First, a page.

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Abstract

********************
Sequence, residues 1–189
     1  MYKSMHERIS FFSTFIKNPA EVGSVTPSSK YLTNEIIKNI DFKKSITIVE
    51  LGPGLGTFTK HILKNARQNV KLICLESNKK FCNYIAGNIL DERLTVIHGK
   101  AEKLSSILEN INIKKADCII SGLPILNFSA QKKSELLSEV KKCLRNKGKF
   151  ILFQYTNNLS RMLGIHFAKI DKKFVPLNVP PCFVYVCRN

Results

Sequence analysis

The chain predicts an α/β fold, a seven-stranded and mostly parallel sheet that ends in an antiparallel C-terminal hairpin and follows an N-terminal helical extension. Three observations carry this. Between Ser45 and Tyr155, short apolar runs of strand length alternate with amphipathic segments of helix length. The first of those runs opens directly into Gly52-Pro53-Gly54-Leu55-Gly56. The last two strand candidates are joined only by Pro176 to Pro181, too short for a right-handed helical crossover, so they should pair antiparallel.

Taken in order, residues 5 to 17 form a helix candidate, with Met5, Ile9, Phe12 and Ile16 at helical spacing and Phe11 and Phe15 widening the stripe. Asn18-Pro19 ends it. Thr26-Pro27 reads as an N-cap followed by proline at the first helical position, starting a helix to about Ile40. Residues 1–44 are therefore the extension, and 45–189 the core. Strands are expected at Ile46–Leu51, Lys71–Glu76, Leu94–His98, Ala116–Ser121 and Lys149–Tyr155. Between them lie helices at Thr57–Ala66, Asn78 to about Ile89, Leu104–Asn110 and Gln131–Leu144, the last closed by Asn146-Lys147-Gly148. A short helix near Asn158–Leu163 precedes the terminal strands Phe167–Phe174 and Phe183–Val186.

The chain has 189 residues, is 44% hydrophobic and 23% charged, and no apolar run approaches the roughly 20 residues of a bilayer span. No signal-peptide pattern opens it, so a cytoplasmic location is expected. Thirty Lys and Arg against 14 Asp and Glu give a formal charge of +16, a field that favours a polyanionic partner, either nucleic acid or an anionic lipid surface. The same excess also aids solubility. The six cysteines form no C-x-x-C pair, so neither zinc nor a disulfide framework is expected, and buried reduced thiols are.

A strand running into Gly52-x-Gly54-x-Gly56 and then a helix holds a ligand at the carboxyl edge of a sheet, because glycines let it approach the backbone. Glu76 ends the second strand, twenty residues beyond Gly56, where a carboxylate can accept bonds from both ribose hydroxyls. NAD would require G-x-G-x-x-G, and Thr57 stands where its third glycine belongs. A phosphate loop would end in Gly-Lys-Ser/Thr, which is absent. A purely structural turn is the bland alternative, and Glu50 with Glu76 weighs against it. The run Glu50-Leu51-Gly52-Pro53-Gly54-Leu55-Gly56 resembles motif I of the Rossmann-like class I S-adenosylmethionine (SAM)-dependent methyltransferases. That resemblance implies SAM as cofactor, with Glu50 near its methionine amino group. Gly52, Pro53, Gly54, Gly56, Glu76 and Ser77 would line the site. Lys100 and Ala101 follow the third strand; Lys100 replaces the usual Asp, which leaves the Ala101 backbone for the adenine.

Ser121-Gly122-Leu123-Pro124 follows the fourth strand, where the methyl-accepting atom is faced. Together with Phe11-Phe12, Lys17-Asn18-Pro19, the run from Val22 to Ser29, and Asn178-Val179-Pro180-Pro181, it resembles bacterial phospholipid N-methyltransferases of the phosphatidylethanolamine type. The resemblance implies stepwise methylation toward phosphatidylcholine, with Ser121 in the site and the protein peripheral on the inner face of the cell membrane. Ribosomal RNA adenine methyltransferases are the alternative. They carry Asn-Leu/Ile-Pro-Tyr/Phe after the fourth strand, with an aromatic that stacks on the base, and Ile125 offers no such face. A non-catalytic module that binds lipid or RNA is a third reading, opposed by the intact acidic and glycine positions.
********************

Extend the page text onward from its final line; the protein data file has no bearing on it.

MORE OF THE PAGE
In cirrhosis, increased RhoA/Rho-kinase signaling and decreased nitric oxide (NO) availability contribute to increased intrahepatic resistance and portal hypertension. Hepatic stellate cells (HSCs) regulate intrahepatic resistance. 3-Hydroxy-3-methylglutaryl coenzyme A reductase inhibitors (statins) inhibit synthesis of isoprenoids, which are necessary for membrane translocation and activation of small GTPases like RhoA and Ras. Activated RhoA leads to Rho-kinase activation and NO synthase inhibition. We therefore investigated the effects of atorvastatin in cirrhotic rats and isolated HSCs. Rats with secondary biliary cirrhosis (bile duct ligation, BDL) were treated with atorvastatin (15 mg/kg per day for 7 days) or remained untreated. Hemodynamic parameters were determined in vivo (colored microspheres). Intrahepatic resistance was investigated in in situ perfused livers. Expression and phosphorylation of proteins were analyzed by RT-PCR and immunoblots. Three-dimensional stress-relaxed collagen lattice contractions of HSCs were performed after incubation with atorvastatin. Atorvastatin reduced portal pressure without affecting mean arterial pressure in vivo. This was associated with a reduction in intrahepatic resistance and reduced responsiveness of in situ–perfused cirrhotic livers to methoxamine. Furthermore, atorvastatin reduced the contraction of activated HSCs in a 3-dimensional stress-relaxed collagen lattice. In cirrhotic livers, atorvastatin significantly decreased Rho-kinase activity (moesin phosphorylation) without affecting expression of RhoA, Rho-kinase and Ras. In activated HSCs, atorvastatin inhibited the membrane association of RhoA and Ras. Furthermore, in BDL rats, atorvastatin significantly increased hepatic endothelial nitric oxide synthase (eNOS) mRNA and protein levels, phospho-eNOS, nitrite/nitrate, and the activity of the NO effector protein kinase G (PKG). Conclusion: In cirrhotic rats, atorvastatin inhibits hepatic RhoA/Rho-kinase signaling and activates the NO/PKG-pathway. This lowers intrahepatic resistance, resulting in decreased portal pressure. Statins might represent a therapeutic option for portal hypertension in cirrhosis. (HEPATOLOGY 2007;46:242–253.)